New Centre for Advanced Light Microscopy supports world-class research

Two men wearing masks looking at a computer in a lab setting.

Jose Moran-Mirabal, left, scientific director of the new Centre for Advanced Light Microscopy, works with facility manager Joao Pedro Bronze de Firmino.(Faculty of Science photo)

The newest core research facility in the Faculty of Science brings high-end scientific workhorses together under one roof for faculty and students.

The McMaster Centre for Advanced Light Microscopy, located beside the Canadian Centre for Electron Microscopy in the Arthur N. Bourns Building, gives researchers ready, reliable and affordable access to the newest technologies and techniques in light microscopy, photo-patterning and light-assisted 3D printing.

“Microscopes are essential tools for researchers,” says Jose Moran-Mirabal, scientific director of CALM and Canada Research Chair in Micro- and Nanostructured Materials.

“CALM provides both the equipment and the expertise that underpin world-class research.”

Microscopes are heavily used by more than 50 research groups at McMaster. While indispensable, they can be prohibitively expensive for individual groups to buy, maintain, upgrade and repair. CALM eliminates that cost and offers researchers use of some of the best microscopes on the market.

Among the seven microscopes currently available to faculty and students are Nikon’s newest inverted confocal and upright confocal microscopes, and structured illumination microscopy.

There are plans for CALM to have 20 microscopes within the next five years, Moran-Mirabal says.

Facility manager Joao Pedro Bronze de Firmino, who came to McMaster from the University of Toronto, where he ran a similar centre, provides on-site training and technical support to faculty and students.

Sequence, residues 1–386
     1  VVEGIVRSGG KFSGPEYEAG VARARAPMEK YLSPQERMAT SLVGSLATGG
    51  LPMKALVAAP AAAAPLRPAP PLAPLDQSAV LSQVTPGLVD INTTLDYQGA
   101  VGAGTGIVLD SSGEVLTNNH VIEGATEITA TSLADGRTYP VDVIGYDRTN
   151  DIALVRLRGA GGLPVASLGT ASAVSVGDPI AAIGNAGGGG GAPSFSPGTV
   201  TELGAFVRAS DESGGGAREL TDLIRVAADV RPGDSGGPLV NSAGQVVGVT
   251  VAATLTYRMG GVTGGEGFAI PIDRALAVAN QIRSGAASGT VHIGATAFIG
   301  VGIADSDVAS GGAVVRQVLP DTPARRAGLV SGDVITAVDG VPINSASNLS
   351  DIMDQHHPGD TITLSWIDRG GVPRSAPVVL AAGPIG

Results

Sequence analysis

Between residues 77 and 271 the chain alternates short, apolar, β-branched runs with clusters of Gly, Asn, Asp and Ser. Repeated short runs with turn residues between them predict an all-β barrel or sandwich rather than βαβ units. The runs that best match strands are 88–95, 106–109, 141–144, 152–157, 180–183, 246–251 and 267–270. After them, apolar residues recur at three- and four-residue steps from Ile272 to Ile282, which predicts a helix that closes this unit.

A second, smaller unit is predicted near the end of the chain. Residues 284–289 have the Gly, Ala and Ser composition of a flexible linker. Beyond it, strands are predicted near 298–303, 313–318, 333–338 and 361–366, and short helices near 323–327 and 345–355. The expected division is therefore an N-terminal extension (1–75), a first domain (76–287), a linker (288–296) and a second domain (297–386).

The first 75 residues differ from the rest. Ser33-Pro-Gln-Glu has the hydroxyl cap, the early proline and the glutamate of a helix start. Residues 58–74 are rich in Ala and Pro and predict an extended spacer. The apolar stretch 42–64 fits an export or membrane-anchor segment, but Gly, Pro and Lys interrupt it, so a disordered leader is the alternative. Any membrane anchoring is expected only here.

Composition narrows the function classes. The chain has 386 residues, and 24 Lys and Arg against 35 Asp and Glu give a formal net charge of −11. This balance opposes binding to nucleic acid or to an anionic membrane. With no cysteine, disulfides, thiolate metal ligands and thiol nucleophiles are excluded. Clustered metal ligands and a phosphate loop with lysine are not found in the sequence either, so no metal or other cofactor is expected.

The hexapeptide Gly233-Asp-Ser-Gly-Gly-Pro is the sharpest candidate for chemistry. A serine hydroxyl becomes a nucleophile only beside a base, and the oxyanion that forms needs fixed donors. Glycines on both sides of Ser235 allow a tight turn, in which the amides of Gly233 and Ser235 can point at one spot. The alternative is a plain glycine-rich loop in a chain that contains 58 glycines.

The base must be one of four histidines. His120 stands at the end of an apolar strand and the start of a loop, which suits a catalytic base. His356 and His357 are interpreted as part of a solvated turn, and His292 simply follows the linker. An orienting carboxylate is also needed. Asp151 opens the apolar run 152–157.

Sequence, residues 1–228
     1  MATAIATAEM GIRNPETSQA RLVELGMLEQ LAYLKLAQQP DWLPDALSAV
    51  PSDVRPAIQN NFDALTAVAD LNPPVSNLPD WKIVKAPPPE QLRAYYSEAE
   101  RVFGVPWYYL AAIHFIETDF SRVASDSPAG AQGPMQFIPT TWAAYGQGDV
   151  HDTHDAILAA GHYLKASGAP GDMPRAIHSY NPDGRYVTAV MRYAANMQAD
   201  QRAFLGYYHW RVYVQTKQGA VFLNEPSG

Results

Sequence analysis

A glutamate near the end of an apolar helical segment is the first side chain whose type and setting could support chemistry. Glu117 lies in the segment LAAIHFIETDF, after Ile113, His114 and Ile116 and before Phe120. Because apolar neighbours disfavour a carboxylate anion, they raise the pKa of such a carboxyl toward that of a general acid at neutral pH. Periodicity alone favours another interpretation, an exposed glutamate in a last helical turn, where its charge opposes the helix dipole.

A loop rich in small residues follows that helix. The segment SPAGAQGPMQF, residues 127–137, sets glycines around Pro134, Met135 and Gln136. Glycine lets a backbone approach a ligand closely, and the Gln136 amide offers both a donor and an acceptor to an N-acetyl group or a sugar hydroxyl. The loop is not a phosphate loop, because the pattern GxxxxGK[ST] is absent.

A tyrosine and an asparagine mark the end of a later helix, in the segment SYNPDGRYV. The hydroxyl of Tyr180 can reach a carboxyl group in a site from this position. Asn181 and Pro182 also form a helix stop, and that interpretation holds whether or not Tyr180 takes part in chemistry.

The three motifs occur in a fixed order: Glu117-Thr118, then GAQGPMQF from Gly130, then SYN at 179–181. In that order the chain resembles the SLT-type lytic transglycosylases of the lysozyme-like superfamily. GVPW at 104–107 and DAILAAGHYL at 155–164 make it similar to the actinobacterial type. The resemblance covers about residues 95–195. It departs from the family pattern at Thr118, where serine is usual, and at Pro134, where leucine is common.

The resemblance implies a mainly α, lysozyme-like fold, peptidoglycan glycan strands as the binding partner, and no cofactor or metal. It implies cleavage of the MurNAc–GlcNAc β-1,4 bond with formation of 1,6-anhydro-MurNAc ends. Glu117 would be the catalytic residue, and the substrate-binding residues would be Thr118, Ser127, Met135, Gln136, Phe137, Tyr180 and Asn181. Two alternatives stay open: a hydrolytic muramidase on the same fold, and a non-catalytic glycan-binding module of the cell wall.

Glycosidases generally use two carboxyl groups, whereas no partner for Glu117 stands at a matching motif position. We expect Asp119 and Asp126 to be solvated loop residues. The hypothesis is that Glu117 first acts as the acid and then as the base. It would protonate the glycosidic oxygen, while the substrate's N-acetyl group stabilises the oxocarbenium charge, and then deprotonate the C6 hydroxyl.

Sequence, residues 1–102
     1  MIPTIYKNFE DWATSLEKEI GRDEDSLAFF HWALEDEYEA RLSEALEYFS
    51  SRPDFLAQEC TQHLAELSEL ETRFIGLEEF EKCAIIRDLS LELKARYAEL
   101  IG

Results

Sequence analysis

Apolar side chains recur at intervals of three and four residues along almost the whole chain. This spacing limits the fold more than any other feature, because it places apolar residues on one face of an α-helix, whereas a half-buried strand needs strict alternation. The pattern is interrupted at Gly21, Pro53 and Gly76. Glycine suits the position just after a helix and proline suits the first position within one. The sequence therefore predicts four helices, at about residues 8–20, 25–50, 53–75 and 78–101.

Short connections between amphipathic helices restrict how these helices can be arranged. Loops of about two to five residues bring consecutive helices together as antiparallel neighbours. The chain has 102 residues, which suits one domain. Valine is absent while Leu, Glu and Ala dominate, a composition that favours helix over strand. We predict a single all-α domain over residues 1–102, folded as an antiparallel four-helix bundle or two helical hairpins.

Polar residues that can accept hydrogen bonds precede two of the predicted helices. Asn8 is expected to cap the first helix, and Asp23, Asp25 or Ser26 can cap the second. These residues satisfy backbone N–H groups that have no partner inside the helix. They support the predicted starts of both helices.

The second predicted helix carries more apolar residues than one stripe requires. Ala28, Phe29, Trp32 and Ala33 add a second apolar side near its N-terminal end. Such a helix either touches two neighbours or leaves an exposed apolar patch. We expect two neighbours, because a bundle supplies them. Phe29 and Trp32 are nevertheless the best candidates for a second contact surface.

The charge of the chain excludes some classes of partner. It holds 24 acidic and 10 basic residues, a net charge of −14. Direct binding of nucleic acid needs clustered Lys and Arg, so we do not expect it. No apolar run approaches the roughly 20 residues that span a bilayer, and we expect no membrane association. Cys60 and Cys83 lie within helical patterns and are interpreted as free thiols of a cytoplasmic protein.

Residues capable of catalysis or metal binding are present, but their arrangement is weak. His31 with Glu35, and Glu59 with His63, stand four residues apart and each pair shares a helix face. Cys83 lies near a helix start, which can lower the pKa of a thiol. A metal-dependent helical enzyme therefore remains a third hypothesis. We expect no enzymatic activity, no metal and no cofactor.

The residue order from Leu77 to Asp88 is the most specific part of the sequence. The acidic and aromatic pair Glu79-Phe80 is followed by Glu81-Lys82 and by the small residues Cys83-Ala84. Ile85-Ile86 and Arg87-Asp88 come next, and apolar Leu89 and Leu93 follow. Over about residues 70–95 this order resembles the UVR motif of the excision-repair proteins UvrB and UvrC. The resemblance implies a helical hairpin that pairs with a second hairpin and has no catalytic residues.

Along with supporting world-class research, CALM will play a key role in teaching and training the next generation of researchers and serve as a catalyst for collaboration, saysMoran-Mirabal.

“McMaster is the only university in Canada to have centres with full capabilities for light and electron microscopy located next to each other,” he says. “New partnerships are inevitable whenever you bring researchers together.”

CALM is a joint initiative of the faculties of Science, Engineering and Health Sciences, with support from the Provost’s Office. Moran-Mirabal, together with co-founders Ray Truant from Health Sciences and Qiyin Fang from Engineering, serves on a leadership group with Juliet Daniel, Associate Dean, Research & External Relations with the Faculty of Science, Jonathan Bramson, Vice-Dean, Research with the Faculty of Health Sciences, and John Preston, Associate Dean, Research with the Faculty of Engineering.

CALM is also establishing user outreach and equity and inclusion working groups to stay responsive to the needs of faculty and students.

CALM is one of four core research facilities in the Faculty of Science, which also includes the McMaster Regional Centre for Mass Spectrometry, the Nuclear Magnetic Resonance Facility and the McMaster Analytical X-Ray Diffraction Facility.

Contact CALM to book a tour, request a quote or request more information.

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